At my alma mater we distinguished between organisers and coaches for the ACM contests. Organisers could easily be non-programmers and were responsible for communication with ACM /on-site organizers, team registration, travel bookings, etc.
Our coach(es), however, were usually recruited from past team members who were no longer eligible to compete themselves. They had a) strong algorithmic skills and b) experience with the contest minutiae. Their responsibilities included the following:
Organize a learning regimen for newcomers: We competed with multiple teams at the regional, and hence, our university focused on getting fresh blood in. Downside of that was that first year students have next to no idea about the required algorithms. So the coach prepared them with learning material, sample contest questions, etc. in a manner that quickly brought them up to speed on all basic algorithms.
Organize a work-out regimen for the participating teams: The participating teams were constantly practicing. It was the task of the coach to schedule the practice sessions, in particular with regard to various online contests. While it is possible to practice based on old ACM contests, one should also practice the real deal, i.e. against real opponents with a limited time setting and as a team.
Recap of practice sessions: The coach typically monitored the practice sessions (usually keeping himself busy by teaching newcomers as mentioned above, whilst the real teams were left to participate in their training contest on their own). During the practice, however, the coach monitored the team's performance and gave a recap in the end (or on the next day). For newer teams, the recap may involve algorithmic issues (f.ex. bad implementations, wrong algorithm choices, etc.). For technically more experienced teams, coaches usually had little to add in that respect, but instead added value based on their contest experience. They gave tips on how to deal with the team's overall performance (who solves which problems and when, whose turn is it at the computer, how to deal with debugging, etc etc).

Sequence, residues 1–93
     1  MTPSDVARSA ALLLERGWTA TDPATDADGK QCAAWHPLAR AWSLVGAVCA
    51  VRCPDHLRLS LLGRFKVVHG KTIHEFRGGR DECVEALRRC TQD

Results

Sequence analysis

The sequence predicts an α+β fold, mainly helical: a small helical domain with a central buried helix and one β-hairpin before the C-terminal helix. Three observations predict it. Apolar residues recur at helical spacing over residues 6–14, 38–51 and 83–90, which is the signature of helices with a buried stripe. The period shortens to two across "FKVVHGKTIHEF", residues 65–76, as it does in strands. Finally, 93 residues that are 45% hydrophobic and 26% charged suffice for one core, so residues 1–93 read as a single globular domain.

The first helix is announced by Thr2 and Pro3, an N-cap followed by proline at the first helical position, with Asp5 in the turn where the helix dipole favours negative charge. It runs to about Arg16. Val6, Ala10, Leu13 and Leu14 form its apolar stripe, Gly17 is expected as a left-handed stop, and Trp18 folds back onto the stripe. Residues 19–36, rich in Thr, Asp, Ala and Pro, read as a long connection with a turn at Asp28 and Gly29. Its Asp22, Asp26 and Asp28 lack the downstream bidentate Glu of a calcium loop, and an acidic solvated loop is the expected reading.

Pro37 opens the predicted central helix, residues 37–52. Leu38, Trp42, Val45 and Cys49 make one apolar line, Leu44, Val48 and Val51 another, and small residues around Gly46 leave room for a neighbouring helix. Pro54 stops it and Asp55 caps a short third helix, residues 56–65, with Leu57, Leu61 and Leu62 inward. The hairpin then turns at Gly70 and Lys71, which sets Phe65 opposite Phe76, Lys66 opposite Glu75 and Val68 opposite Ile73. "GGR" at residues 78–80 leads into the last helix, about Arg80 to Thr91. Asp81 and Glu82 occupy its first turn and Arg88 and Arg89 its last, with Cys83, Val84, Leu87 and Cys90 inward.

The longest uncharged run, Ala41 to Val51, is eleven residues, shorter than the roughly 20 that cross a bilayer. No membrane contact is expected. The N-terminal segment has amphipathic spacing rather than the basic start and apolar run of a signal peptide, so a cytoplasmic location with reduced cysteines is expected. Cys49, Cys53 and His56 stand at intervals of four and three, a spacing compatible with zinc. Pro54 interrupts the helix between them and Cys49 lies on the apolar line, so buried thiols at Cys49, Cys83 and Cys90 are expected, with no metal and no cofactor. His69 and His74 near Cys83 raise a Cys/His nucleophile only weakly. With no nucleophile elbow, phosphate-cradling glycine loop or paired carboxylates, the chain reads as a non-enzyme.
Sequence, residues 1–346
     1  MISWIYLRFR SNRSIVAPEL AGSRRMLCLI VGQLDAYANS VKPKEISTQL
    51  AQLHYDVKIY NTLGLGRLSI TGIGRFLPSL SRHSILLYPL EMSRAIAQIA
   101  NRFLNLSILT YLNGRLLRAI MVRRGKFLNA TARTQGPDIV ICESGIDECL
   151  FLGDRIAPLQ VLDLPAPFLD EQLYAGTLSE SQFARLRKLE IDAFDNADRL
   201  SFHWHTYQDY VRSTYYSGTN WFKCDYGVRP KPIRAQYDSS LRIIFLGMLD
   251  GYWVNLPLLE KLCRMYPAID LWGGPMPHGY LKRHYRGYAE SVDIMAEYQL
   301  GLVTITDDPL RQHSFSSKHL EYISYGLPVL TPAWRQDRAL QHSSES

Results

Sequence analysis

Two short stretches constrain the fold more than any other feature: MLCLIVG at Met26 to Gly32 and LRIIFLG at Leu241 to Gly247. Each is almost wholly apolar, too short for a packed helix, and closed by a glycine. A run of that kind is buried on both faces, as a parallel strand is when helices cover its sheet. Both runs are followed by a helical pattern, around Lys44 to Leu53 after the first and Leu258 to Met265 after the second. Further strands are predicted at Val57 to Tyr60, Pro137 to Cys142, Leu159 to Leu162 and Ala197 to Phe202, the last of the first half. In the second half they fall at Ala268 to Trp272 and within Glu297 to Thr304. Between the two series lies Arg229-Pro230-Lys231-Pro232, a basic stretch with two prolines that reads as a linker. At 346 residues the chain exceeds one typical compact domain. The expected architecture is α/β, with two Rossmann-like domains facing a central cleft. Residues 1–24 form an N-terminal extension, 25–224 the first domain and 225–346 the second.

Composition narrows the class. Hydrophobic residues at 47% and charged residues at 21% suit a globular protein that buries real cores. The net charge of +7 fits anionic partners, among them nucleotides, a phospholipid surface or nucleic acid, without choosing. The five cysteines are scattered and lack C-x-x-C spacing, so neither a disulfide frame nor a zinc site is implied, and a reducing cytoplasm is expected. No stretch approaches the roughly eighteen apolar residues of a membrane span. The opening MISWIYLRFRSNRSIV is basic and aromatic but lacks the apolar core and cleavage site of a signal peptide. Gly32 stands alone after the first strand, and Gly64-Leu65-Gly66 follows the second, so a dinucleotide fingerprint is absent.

Basically, our coach was accompanying newcomers into the world of algorithms, then showing them how a real contest is run, supported them in gaining more experience, and finally helped them form a real team that was able to compete at a high-level (most years we won the regional contest and often had 3 of our teams in the top 10).
That being said, contest rules have changed all the time and maybe there's now something like an on-site coach during regional. In that case, note that the above considers a coach as being located at your university and there was no need for a coach to be present during the regionals (sometimes they came along, sometimes they didn't).